The humble yellow dandelion has been eschewed in modern America as a weed, not a flower. Dandelions have relegated to the bottom rung of floral stature, to be pulled and discarded with other garden pests and eyesores.
However dandelions are weeds no more – at least not to hungry, health-wise gardeners who recognize the powerful nutrient content and strong, bitter flavor of their green leaves and stems. In fact humans have been eating dandelion greens since prehistoric times, and cultivating them in earnest in parts of Europe and Asia for eons. Dandelion greens have been used as a medicinal agent throughout history, and are one ingredient that makes up the taste of root beer.
One cup of raw dandelion greens yields only 25 calories, but packs a powerful dose of vitamins and minerals, especially calcium, potassium, iron, manganese and vitamins A, C and K. In different cultures, dandelion greens have been used to treat everything from infections and liver problems to cancer. Some research shows the weed to have anti-inflammatory effects, and it can be used as a diuretic. Many swear by the leaves for treating urinary tract infections, and its high level of potassium is great for sore muscles and those recovering from trauma.
Dandelion greens can be harvested from your backyard, local park or forest, or you can also find them at some farmers markets during the spring season. Dandelions are easy to spot in the wild thanks to their pretty yellow florets, which give the plant its name (“dent de lion” means “lion’s tooth” in French). Look for bright green leaves that are firm and tender, and not discolored or wilted at all. Picked dandelion greens will keep in the refrigerator for a few days, and can be prepared with the same methods as spinach – raw or cooked.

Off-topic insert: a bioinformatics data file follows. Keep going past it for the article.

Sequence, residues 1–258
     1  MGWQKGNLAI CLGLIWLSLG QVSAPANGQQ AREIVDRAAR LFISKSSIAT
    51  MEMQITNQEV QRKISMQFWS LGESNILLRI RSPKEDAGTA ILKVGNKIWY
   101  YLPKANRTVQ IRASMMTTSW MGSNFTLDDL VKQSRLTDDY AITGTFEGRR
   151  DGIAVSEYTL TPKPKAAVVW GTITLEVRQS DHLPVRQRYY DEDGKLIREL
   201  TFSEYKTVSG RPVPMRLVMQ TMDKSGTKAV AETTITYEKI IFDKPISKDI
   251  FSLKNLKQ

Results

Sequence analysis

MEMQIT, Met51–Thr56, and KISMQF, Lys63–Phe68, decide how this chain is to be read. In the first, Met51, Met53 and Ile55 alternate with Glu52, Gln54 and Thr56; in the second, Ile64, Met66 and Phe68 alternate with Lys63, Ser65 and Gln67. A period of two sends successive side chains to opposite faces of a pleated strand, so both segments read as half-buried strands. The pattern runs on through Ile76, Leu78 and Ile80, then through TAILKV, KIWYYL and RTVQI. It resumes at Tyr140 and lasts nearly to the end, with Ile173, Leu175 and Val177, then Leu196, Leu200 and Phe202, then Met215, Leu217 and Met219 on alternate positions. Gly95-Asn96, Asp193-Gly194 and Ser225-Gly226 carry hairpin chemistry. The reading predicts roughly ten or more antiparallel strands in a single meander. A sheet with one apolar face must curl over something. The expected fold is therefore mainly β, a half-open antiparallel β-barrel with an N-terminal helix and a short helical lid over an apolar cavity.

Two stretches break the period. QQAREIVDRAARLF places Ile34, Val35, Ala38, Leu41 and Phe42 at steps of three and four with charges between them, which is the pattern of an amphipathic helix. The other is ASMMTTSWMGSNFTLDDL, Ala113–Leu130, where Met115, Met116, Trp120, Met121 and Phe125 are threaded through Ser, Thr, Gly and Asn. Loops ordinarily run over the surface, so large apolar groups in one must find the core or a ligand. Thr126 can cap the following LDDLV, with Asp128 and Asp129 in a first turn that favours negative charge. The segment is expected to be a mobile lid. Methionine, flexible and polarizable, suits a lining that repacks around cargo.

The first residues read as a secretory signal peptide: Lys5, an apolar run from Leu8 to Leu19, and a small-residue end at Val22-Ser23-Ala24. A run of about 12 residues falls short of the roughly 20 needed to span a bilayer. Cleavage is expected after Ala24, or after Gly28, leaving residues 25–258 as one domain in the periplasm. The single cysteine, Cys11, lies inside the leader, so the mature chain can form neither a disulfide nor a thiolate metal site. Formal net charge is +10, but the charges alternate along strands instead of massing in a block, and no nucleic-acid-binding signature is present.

One of the best ways to enjoy this seasonal treat is by making a fantastic spring salad with raw dandelion greens. Dandelion leaves have an earthy, slightly astringent flavor that pairs well with other robust flavors. The French have been dining on dandelions forever, and the following recipe uses strong Dijon mustard to balance the bitter taste of the greens.
First, wash the greens well – very well, if you’ve gathered them from the wild (which includes your backyard). Dry the leaves well and tear them into bite-sized pieces for your salad.
Whisk together the minced shallot, mustard and red wine vinegar. Add salt and pepper to taste, then slowly whisk in the oil in a slim stream.
Toss the dressing with the raw dandelion greens, and then top with a few shavings of fresh Parmesan cheese. Enjoy the green taste of spring!
Please note: Some people are allergic to dandelion pollen, which can cause severe reactions when handled or eaten. If blowing on the seed head of a dandelion makes you sneeze for days, you should probably avoid this spring salad.